Compass Box Flaming Heart, 15th Anniversary

I believe this was the 5th edition of Compass Box’s Flaming Heart, released in 2015 to commemorate their 15th anniversary. I’ve had earlier editions of Flaming Heart and quite enjoyed them—I still have one unopened bottle; not sure which release it is, but it was purchased in 2012. Anyway, this edition is said to contain 27.1% 30 yo Caol Ila from a refill bourbon hogshead, 24.1% 20 yo Clynelish from a rejuvenated bourbon hogshead, 38.5% 14 yo Caol Ila from a refill ex-bourbon hoghshead and 10.3% of a 7 yo blend of Highland malts from Clynelish, Teaninich and Dailuaine that came out of some cask with French oak involvement. So officially this is 7 yo whisky for $140 (the price at release) and don’t let the fancy decimal points distract you from that. I kid, I kid: they could easily have left out that 10.3% and asked for even more money for this. That said, I’m not quite as enamoured of Compass Box’s whiskies as many whisky geeks. As I’ve said before, I can never quite shake the feeling that their bespoke presentation and ability to speak in the language of whisky geeks has a lot to do with their reception. That said, I did like the 10th anniversary Peat Monster a lot and I hope this will be in that vein. Let’s see.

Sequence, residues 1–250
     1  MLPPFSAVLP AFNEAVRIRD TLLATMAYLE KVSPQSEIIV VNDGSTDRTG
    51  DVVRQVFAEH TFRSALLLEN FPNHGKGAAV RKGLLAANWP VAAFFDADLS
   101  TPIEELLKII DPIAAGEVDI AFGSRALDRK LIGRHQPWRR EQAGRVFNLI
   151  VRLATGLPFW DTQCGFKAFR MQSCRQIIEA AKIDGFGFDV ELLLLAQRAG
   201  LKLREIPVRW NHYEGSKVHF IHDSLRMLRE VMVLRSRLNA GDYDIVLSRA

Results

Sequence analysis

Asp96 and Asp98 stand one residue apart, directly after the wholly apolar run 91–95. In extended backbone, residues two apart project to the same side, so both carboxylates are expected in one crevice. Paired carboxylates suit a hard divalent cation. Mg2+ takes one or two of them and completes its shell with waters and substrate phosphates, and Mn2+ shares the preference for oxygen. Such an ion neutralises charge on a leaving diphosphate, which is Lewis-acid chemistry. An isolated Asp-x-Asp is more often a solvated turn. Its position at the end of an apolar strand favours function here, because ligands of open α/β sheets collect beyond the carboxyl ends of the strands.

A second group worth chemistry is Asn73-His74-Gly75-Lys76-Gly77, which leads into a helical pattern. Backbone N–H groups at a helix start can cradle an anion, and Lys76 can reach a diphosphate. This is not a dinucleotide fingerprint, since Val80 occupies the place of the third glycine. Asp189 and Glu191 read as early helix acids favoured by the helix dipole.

Compass Box Flaming Heart, 15th Anniversary (48.9%; from a sample from a friend)

Nose: Sweet, mild peat at first sniff; gets briny fast and the phenols begin to pop out as well along with some preserved lime. Water pulls out more of the citrus—lemon now—along with cereals; the peat gets dialed down and less phenolic.

Palate: Starts out mild here too but picks up intensity fast with pepper and increasingly ashy smoke. On the second sip the smoke is quite bitter, somewhere between tarry and vegetal (artichoke). The salt and citrus are there in the background as well. Less bitter and a little sweeter with water and there’s some wood smoke mixed in with the peat now.

Finish: Long. The smoke gets quite tarry as it goes. The salt pops out again at the end. With more time the citrus emerges here as well, but now it’s bitter lemon rind rather than preserved lime. As on the palate with water.

Comments: This is very fine peated whisky but its composition seems like a complicated way to get to a not very unusual end. I liked it better with water. Both ways I would have liked a little more fruit to pull it towards the next tier.

Rating: 88 points.

Thanks to Matt G. for the sample. (Read his review here.)


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